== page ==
So you might be asking, if I’m so down on social media, “why bother with your blog?” Here’s the short answer. Words matter.

I’m a longform kind of guy. Writing requires some real estate to make a point. Hearkening back to the print that I grew up with, there’s a reason why most articles in the newspaper are 750 to 1,500 words. I prefer even longer narratives than that—give me 3,000 to 5,000 words I’m down with that. Twitter’s truncation on the other hand can’t even come close on the story side of things.

Blogging, at least the kind of blogging I follow, approximates print journalism, and the longer form narrative that I’m a fan of. That’s why I remain committed to blogging, when so many others who once blogged, or who followed blogging and bloggers, have thrown their hats in with the Twitter crowd.

This may be the age of Twitter, but I’m convinced that there are some like me that see the limits to abbreviated communication.

7 thoughts on “Stepping Back From Collapse

  1. I loved this post! I love it that you stop by my house and sweep crumbs on the floor! And I love the ironic humor in your writing as of late. It reminds me of being young and laughing uncontrollably at something for some unknown (or known only to us) reason.

    But mostly, I love the idea you are suggesting, that life can be good and that “enjoying the beauty in life, and the attendant joys that life lived on this side of paradise has to offer” might just be part of the “how now shall we live.”

    Preach it, brother!

  2. This was just plain fun to read. Both of you have always made me laugh when I needed it most. I must stop by to visit AT and have some coffee. Jim, I’ll see you Sunday for the making-of-the-sauerkraut, unless we get another blizzard, which seems likely. Keep up the blogging!

  3. We’re all working for the pharaoh, that’s for certain. Even those of us who aren’t working.

    I’d like to get you to expand on your second italicised paragraph because I’m not sure I see what you’re getting at. I’ll hit you up on email, and I need Devo’s email anyway. I had a burning question to ask him the other day, and now can’t remember it at all, but it will come return.

  4. @JAB
    Community isn’t some overly-intellectualized exercise conducted by teams of academics. It’s local people, taking time out of their busy lives (and away from Whitey TM’s tasks) to share a cup of tea or coffee and a treat and remember that there is beauty and joy in the midst of all the crazy shit that happens all around us. Sometimes it’s even stopping and laughing our asses off about something silly. It’s nice having a place to land and do that once in awhile, just across the river.

    I remember as a kid, thumbing through the Reader’s Digests lying ’round our house and the column, “Laughter is the Best Medicine.” A Rx of laughter is sometimes just what the doctor ordered, this coming from someone who is often a little too serious.

    While the Valentine’s Day Blizzard will foil our Sunday sauerkraut-making this time, there’s still a few months left in sauerkraut season to get together and put up a batch.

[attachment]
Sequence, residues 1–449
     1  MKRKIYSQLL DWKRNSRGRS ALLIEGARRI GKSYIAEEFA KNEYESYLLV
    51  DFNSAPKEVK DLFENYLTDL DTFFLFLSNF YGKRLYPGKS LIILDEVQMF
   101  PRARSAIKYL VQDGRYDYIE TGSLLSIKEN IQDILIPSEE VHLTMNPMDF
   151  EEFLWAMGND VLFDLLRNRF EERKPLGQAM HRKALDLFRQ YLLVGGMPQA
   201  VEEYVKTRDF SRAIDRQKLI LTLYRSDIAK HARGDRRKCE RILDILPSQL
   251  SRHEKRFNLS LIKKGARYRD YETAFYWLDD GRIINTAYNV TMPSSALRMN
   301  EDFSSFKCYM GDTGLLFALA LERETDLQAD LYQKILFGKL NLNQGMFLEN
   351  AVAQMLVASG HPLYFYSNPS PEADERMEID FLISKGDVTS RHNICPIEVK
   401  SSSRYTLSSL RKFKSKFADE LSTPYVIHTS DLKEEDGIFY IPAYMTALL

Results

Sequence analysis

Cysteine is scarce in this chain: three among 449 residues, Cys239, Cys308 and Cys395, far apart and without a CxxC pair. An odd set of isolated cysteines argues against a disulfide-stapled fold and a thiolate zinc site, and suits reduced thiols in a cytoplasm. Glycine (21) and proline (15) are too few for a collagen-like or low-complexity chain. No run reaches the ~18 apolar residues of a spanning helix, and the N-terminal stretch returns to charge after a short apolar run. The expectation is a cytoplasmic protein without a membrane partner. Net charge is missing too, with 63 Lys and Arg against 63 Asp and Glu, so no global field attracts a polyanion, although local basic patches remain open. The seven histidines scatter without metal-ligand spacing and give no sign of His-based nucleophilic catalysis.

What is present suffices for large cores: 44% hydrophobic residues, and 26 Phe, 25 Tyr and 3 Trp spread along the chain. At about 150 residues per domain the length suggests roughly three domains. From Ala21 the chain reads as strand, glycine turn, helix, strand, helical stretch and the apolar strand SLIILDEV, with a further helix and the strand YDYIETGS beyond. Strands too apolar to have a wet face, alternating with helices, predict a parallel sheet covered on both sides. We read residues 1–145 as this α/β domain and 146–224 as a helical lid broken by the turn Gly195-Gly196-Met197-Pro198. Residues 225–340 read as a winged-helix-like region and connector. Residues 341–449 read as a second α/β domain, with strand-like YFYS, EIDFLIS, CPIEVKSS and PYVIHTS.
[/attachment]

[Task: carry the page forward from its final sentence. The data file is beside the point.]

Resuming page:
While I have no issues with the idea that we’re in the midst of collapse, I do have problems with some of the members of the “cottage industry” that seems to take pleasure in trains not running on time, and major cities being shut down. I guess I could throw up my hands and decide everything is helpless, or I could figure out what my niche might be and try to fill it.

    Some good people have helped me see that “distance and space” from many of the “problems of the world,” and we’ve always had them, is a healthier and happier approach.

  5. Jim, I have not been a Facebook person, and now that I know that you have given it up for Lent (or maybe longer ! ) , it gives me yet another reason to believe that I can live with out Facebook ! !

    When you talk about the infrastructure crumbling literally around us, there are so many things that come to mind – not the least of which is the current situation right here in Maine – where with the looming budget cuts that this guy who claims to be the governor wants to implement – goodness knows if anyone if going to be able to travel anywhere without losing a wheel, or much worse, having a life threatening accident.

    I was darn proud of the town officials who went to Augusta on Tuesday, and who I understand are also there today in the concerted organized effort to protest this part of the proposed budget.

    IN reality, I think that it is quite interesting that the very people who voted for the current Gov are from the very small towns that will suffer the most if his budget is adopted …and he claims that he is not a politician ! !

    If it weren’t so serious, it would be laughable for sure – for now I put my faith in folks like you, Jim, that get up everyday and conscientiously string words together in a way the resonates with those of us that still have a brain – as the late song writer, Richie Havens once sang, “We won’t be fooled again ! “

  6. Ah, finally a new (but “new” in a different way) approach clearly written to an aged dilemma. I think first of my sainted Gramma who never tired of reminding me of the starving children in …wherever whenever I could no longer sit facing shriveled peas…or whatever. Things DO fall apart (like Yeats said) but he made art that taught survival. I wonder how Yeats would fare listening to Maine’s Governor’s latest “solutions’?

  7. @Rosie
    Actually, my sister is the one who gave Facebook up for Lent, which isn’t a bad thing to do at all. I’ve decided to cut my time at my page. In fact, you are now the second person I know that’s mentioned not having a Facebook page and obviously, you are managing to survive and prosper. Imagine that!

    Btw, love the RosieWorks website. Looks great!

    Art-making is one way to deal with the running downward of society and culture. Berman touched on that when he talked about “New Monastic Individuals” in his book, The Twilight of American Culture. This isn’t a religious order; instead, he advised readers to fend off cultural attempts intended to get you to “belong, consume,” have a Facebook page. He wrote (and still does at his blog) about preserving Enlightenment traditions.

    This would align with your council to seek out writers like Yeats, I think.

    I’m thinking that Yeats would be incredulous that someone like LePage could ascend to his position of leading a state (straight into the ditch). Or perhaps, not. History is full of buffoons assuming positions of power.